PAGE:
Nor are physicians who are ignorant of pathology much better off than the laity; they know only the outside of disease, nothing of its real nature. In every civilized country, however, we find a fair number of scientific physicians, of men who put their whole life into the study of disease without reference to anything but the advancement of knowledge, of

men who believe nothing that cannot be demonstrated. These men are not divided from each other by country or language, they form a little community united by a common interest, they constitute a supreme court to which can be referred all questions concerning disease and its remedies.

Of this knowledge only a limited portion can be imparted to the student. But it is of importance that the instructors should be competent, the methods good, and the facilities of dead house and laboratory sufficient.

Of the instruction in obstetrics and gynecology, I will not speak at the present time.

Instruction in the specialities-the diseases of the eye, the ear, the nose, the throat, etc., can only be given efficiently to small classes of students with the aid of sufficient clinical material. The facilities for such special instruction must be provided, but it is hardly possible for the students to study all of them during their undergraduate course. These studies must be put on the list of optionals from which the students may select. The more serious study of the specialities must be deferred until after graduation.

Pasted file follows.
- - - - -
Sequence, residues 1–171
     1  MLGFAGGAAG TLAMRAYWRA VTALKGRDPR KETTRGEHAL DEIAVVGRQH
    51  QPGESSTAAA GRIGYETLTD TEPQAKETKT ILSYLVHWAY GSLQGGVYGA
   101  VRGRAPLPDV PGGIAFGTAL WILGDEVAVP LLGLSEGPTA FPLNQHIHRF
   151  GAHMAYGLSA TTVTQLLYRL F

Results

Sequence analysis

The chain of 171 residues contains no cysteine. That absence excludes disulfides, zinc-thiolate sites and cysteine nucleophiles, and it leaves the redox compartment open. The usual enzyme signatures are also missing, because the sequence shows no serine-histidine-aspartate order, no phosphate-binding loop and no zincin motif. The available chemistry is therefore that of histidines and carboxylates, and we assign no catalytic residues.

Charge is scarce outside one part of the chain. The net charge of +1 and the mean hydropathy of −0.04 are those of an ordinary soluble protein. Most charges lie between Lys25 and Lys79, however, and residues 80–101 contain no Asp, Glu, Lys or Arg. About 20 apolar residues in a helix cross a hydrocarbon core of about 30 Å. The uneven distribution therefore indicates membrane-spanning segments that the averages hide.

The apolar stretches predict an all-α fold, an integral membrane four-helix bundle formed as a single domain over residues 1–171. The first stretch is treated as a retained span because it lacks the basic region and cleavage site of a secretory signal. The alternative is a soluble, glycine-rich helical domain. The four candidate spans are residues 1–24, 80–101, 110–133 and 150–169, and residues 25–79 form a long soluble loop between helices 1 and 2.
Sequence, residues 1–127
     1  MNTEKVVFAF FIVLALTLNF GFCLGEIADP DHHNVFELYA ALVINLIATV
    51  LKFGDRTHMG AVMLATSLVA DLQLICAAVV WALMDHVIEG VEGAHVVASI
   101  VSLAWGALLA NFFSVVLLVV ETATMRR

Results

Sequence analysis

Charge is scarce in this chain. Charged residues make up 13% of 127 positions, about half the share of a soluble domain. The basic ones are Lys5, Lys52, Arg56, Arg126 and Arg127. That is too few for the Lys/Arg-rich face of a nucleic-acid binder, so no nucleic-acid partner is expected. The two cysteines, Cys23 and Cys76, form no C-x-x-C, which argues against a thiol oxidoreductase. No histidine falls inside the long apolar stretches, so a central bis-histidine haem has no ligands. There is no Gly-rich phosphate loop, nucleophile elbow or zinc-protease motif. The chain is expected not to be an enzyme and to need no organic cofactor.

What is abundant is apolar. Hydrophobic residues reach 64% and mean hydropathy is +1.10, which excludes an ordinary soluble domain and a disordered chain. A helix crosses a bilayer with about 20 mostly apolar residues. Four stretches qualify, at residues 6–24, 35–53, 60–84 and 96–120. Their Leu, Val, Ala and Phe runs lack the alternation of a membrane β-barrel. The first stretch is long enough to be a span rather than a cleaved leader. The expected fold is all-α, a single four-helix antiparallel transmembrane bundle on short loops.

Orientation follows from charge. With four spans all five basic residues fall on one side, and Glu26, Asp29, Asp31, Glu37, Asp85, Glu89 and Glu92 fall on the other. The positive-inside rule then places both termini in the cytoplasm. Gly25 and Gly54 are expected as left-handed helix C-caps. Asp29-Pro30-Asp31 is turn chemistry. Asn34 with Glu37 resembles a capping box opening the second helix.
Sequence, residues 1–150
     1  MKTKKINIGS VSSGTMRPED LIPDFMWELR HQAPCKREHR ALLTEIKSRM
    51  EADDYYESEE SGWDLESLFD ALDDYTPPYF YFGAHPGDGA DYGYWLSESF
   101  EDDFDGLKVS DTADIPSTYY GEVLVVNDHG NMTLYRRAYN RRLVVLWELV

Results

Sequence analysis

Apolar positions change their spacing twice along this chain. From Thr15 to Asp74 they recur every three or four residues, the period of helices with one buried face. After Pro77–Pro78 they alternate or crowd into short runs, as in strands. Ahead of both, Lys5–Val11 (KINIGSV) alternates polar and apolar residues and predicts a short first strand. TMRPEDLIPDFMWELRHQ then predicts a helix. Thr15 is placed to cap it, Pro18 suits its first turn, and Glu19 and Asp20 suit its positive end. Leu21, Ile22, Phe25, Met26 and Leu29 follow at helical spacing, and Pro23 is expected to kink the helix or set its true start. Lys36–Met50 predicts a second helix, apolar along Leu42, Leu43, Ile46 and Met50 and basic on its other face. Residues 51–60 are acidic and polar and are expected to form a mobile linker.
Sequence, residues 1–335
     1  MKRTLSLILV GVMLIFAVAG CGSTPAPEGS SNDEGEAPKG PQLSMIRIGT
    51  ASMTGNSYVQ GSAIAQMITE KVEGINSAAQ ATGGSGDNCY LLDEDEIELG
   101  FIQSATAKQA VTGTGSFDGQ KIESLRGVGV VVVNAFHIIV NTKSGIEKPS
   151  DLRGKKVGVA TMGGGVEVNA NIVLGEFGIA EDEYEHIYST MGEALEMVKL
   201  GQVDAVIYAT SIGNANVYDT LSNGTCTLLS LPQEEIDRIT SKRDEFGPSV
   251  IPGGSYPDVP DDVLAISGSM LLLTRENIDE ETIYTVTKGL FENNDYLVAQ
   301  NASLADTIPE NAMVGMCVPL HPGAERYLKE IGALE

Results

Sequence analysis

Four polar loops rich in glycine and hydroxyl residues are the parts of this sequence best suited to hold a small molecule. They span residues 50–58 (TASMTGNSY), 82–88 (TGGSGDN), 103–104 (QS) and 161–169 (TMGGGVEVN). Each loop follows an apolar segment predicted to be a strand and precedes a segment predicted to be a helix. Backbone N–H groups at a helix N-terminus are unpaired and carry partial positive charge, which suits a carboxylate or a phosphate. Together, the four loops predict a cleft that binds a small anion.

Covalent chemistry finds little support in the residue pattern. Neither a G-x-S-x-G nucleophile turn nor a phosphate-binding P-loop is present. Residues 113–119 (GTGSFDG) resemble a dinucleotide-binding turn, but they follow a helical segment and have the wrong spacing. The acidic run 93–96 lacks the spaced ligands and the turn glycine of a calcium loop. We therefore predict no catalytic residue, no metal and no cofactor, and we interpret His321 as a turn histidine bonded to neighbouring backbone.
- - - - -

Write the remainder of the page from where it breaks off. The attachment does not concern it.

The main object, therefore, of the undergraduate course in medicine is to give the students sufficient instruction concerning the structure of the human body, the natural functions of different parts of the body, the natural processes of gestation and parturition, the causes of diseases, the changes produced in the structure and functions of different parts of the body by disease, the natural history of disease, the action of drugs, the principles and technique of mechanical treatment. All this is to be done as broadly and thoroughly as possible, but it only constitutes the first period of a medical education.